The mission matters. The mission can be something like making sure that your kids get a good education. It involves the hard work of shaping them into adults who produce, serve and lead. It’s doing your best to keep them away from the worst possible things. It’s trying to be a good parent.
The mission matters.
The mission is good.
But like most good things that really matter, the mission can rob us. It can dominate us. If we’re not careful, the mission can be like a finish line that someone keeps moving further away from us. And if we do ever manage to reach it, it never ends up being worth all of the work. That’s because there is something that matters just as much as the mission.
The mission is big. People make movies and write books about the mission. The moment is mundane. You may even think that the moment is insignificant. Like the stop for an ice cream after practice. Or the no agenda Saturdays spent together has a family with nowhere to go and no one to see. Sometimes the moments even frustrate us. Like the milk on the new carpet. Or the nightmare that wakes your kid up 45 minutes before you were supposed to wake up.
Moments matter more than you think they do. Twenty years from now, your kid might remember your mission as a parent. He will definitely remember the moments along the way.
There is no mission without the moments.
On Monday night, my wife baked a cake while I cooked burgers on the grill. There was nothing special about our meal. No one was celebrating a birthday or coming home from college. It was just another Monday night. After the burgers were eaten, my wife asked me a strange question.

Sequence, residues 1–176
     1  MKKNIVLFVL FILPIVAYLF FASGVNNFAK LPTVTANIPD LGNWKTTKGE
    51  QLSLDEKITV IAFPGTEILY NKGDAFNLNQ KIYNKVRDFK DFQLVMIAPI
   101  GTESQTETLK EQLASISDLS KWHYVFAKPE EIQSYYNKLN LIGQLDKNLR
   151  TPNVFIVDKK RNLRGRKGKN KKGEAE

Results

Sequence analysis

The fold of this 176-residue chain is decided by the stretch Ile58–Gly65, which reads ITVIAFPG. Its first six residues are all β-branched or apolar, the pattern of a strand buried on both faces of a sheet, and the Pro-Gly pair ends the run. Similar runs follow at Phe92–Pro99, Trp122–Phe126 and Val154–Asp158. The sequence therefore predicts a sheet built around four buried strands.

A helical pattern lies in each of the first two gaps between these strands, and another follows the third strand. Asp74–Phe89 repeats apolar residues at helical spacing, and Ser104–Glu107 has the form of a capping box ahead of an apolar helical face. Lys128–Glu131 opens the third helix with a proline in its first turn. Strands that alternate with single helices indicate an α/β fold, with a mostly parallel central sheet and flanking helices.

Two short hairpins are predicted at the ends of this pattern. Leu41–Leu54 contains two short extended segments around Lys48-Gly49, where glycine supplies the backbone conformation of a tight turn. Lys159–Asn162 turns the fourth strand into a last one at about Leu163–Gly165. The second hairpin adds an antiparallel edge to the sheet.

“Do you want to make the cake an unbirthday cake?”
I wasn’t too sure what an unbirthday cake was but I said okay. My wife put a candle in the middle of the cake and I lit it. We called the kids in and we sang Happy Unbirthday to each other. Our kids looked at us like we had lost our minds. And then we all laughed. And ate cake.
On Monday night, we had a moment. It was a moment that didn’t seem like much at the time. But it was a moment that our kids aren’t likely to forget, even after their mom and dad really do start to lose their minds. And it was a moment that I would’ve missed if I would have skipped dinner because I was working late to earn extra money to get my kids a good education.
The mission matters. In fact, there probably aren’t enough parents who have a mission that goes beyond getting the kids out of the house before someone has an untimely pregnancy.
But the mission is meaningless if we’re not paying attention to the moments. The mission amounts to nothing if we’re not slowing down to create our own moments. The mission is a failure if we’re not turning those stressful moments of parenting into lessons for us and our kids.
Every night I pray for God to protect my sons.
I pray for him to shape them into real men.
And I thank God for that day’s moments.
Because it’s in those tiny snapshots that our kids are being shaped. It’s there that, if we slow down enough, we will see the work of God.
Parents, your mission matters.
But not without the moments.